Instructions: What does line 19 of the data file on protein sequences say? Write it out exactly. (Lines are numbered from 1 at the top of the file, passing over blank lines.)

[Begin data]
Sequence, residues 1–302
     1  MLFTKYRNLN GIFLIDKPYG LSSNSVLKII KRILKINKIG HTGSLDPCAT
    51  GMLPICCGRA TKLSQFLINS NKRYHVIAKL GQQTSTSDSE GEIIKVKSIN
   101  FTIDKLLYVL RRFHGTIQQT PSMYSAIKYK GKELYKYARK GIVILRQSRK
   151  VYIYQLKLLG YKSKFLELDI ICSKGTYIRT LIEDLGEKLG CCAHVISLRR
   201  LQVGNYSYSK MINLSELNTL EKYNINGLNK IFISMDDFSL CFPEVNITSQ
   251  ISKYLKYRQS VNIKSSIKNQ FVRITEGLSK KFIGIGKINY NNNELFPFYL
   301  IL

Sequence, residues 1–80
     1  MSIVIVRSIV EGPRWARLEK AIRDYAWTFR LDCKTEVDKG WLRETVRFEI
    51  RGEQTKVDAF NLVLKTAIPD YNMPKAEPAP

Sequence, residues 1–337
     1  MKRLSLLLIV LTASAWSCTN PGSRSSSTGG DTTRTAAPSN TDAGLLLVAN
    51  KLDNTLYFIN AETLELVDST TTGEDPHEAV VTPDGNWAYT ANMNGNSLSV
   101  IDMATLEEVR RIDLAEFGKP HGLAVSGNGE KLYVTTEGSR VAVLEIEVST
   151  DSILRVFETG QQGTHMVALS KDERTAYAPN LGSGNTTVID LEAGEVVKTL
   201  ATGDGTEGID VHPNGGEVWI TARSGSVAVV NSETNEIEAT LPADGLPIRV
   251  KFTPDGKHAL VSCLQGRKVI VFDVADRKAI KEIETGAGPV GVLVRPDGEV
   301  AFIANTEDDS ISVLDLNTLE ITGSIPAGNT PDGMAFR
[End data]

   301  AFIANTEDDS ISVLDLNTLE ITGSIPAGNT PDGMAFR